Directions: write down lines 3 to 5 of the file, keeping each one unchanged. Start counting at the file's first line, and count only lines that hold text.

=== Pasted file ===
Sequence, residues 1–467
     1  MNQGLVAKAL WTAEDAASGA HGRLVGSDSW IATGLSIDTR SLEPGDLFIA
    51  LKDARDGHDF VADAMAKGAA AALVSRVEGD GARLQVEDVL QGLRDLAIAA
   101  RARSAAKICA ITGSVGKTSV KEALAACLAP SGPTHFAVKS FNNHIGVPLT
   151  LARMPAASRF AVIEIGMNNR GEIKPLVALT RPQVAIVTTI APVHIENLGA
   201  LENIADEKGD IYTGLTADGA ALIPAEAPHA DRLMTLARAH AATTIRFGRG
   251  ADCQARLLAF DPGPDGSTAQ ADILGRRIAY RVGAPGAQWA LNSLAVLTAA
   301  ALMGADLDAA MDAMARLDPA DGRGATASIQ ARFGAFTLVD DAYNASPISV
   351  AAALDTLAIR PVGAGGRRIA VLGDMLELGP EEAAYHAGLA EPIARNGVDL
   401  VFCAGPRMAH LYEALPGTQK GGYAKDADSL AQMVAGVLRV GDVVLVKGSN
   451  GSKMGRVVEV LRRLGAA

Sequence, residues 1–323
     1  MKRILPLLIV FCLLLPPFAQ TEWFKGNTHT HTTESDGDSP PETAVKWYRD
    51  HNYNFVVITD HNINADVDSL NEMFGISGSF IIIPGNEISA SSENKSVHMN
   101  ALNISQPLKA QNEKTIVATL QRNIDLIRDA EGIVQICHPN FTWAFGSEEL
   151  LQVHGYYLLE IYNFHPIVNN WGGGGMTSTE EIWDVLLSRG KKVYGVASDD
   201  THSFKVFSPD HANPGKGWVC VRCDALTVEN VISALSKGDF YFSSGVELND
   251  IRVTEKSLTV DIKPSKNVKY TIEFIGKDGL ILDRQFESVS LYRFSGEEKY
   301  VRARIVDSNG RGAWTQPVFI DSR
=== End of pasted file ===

    51  LKDARDGHDF VADAMAKGAA AALVSRVEGD GARLQVEDVL QGLRDLAIAA
   101  RARSAAKICA ITGSVGKTSV KEALAACLAP SGPTHFAVKS FNNHIGVPLT
   151  LARMPAASRF AVIEIGMNNR GEIKPLVALT RPQVAIVTTI APVHIENLGA